Extra features are plentiful — not always a good thing, but the Pixar folks are such good talkers that the discs are pretty much a pleasure from start to finish. On Up, I was especially fond of “Adventure is Out There,” a 22-minute feature about the team’s trip to Venezuela, where they visited the towering sandstone cliffs that inspired the realization of Up‘s South American landscape. What sounds like at first blush like an ostentatious holiday on Disney’s dime is revealed to have been a crucial part of the creative process, giving key Pixar people not just the visual cues that would help them build their CG world, but but also a sense of shared experience — like getting caught in the rain, with precious little shelter, in an environment that resembles an alien planet — that informed the story. Docter’s audio commentary, delivered with co-director Bob Peterson, is not just smart and engaging but it’s bolstered by the addition of storyboards and conceptual drawings that pop up on screen as you watch the film and listen to them talk. It’s a good example of advanced Blu-ray technology serving the needs of the content rather than drawing attention to itself. A new-to-home-video short, “Dug’s Special Mission,” is a cute piece of animation that shows what kind of day the film’s crowd-pleasing talking dog was having before he stumbled across Carl and Russell. The disc also includes “Partly Cloudy,” a full-fledged Pixar short that is, as usual, must-view material.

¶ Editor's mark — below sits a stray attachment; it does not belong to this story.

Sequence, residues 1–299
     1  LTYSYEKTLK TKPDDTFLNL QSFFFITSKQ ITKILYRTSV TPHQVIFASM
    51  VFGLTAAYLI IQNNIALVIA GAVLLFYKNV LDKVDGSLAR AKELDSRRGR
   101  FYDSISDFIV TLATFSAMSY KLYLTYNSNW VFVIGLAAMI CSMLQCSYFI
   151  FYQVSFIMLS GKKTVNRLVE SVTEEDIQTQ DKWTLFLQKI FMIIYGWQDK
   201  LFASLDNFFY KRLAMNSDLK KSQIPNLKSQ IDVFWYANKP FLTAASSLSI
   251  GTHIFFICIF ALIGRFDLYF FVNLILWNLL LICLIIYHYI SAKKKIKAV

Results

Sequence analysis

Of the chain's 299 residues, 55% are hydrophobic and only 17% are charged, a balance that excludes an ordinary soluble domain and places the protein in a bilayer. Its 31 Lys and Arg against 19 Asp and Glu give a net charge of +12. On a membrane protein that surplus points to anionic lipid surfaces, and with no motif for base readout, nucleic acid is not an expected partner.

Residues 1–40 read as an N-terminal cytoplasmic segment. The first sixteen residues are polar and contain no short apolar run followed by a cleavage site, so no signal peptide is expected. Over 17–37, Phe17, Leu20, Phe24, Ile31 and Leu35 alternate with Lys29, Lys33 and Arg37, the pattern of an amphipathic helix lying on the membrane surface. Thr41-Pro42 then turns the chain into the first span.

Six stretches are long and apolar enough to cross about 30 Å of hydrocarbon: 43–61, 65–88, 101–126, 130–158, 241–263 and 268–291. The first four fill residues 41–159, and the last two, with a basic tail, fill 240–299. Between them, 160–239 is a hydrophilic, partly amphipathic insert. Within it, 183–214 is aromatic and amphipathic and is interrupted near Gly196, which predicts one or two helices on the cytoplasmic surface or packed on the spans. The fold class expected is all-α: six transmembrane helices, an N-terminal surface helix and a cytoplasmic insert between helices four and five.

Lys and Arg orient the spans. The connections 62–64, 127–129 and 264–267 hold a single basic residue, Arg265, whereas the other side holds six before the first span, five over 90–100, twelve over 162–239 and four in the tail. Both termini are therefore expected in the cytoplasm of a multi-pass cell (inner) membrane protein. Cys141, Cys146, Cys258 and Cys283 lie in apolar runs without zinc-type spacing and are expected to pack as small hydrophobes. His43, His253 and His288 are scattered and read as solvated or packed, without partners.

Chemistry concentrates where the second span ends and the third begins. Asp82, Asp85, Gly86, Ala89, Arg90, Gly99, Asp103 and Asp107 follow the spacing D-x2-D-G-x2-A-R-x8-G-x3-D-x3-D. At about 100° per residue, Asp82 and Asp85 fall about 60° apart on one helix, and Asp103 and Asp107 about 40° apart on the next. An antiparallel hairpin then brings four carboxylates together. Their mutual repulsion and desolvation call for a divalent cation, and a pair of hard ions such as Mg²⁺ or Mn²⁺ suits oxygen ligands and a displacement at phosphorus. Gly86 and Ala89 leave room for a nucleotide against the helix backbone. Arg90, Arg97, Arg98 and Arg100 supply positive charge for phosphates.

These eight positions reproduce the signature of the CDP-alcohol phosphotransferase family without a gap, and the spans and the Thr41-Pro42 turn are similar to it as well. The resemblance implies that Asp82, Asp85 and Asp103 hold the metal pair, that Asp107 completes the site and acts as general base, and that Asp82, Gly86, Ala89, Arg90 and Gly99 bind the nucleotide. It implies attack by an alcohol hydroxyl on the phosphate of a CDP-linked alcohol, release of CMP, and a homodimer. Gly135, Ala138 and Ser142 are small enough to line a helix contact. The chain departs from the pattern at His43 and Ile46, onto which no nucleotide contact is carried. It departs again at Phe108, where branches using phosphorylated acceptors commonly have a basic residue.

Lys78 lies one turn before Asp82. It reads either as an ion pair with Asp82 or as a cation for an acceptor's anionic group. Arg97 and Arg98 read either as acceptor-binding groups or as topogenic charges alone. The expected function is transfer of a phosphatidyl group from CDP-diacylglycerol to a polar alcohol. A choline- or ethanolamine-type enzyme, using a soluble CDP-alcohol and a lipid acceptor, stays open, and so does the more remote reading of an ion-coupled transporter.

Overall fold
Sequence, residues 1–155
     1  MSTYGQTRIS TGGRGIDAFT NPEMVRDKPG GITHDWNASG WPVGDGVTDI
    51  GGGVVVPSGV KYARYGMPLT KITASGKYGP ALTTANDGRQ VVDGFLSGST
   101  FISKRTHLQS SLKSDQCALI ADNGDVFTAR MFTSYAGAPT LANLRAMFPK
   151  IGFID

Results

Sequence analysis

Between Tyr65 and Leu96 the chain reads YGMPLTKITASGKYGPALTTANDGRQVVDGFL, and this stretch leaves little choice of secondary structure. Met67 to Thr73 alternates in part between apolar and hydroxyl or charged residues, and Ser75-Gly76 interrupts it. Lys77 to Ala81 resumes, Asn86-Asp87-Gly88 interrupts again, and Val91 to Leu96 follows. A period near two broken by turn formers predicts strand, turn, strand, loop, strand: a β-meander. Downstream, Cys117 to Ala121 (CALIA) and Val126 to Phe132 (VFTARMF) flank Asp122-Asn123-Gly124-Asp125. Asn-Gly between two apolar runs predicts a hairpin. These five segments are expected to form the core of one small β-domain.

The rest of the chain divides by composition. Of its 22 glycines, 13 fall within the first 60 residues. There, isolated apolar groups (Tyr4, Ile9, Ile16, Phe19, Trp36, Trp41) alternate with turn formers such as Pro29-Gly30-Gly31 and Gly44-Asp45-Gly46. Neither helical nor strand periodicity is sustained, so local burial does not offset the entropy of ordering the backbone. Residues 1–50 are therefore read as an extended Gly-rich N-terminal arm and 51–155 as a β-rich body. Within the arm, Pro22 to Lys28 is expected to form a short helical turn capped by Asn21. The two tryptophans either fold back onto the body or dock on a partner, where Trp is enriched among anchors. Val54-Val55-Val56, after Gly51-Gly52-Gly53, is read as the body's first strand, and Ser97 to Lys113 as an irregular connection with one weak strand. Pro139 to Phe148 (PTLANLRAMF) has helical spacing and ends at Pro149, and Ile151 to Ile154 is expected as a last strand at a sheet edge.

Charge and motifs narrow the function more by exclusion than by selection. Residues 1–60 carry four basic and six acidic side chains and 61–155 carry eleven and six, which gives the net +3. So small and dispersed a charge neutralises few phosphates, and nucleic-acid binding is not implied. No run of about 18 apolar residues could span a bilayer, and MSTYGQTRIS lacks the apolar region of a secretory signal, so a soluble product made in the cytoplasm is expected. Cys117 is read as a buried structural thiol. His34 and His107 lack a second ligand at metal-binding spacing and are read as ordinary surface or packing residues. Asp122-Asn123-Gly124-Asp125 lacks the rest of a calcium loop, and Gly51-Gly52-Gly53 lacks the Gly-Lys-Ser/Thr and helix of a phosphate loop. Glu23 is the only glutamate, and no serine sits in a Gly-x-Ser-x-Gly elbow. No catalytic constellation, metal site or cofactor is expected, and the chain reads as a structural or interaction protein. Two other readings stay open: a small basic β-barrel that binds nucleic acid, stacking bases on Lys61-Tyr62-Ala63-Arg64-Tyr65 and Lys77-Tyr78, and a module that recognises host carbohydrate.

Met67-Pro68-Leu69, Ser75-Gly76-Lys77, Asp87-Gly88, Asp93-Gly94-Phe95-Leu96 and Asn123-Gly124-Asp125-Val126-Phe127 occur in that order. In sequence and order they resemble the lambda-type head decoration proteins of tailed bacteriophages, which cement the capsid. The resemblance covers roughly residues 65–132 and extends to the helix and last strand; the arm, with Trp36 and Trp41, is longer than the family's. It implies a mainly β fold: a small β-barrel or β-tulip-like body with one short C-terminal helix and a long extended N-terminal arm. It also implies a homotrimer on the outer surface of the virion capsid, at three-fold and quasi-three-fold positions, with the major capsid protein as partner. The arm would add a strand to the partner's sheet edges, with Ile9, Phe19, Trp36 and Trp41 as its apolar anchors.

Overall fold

Monsters, Inc. has plenty of making-of material, some of it ported in standard-definition from the exhaustive DVD-Video version, but much of it redone at HD resolution. The artwork looks great on an HD screen, but too many pictures are reduced to small windows taking up just a fraction of the available space. (C’mon, Disney — go full-screen with this stuff!) As the new-to-Blu-ray features go, the aforementioned roundtable discussion is enlightening and surprisingly entertaining, but the inclusion of a featurette on the creation of a Monsters, Inc.-themed attraction at Tokyo Disneyland feels like an opportunistic sop to corporate synergies, and I object on principle.
Finally, I note that Disney’s packaging of the two-disc Blu-ray editions of both movies along with an extra DVD version and a “digital copy” for your iPod, etc., is quite convenient. It had better be — the over-$40 price tag both of these discs carry is frankly outrageous. Still, you can easily find them at a substantial discount, and Pixar’s movies are worth a little fiscal trauma. And if great audiovisual quality is the thing (and it is) both of these discs have that. In spades. Monsters, Inc. is warmly recommended, and Up is a must-buy.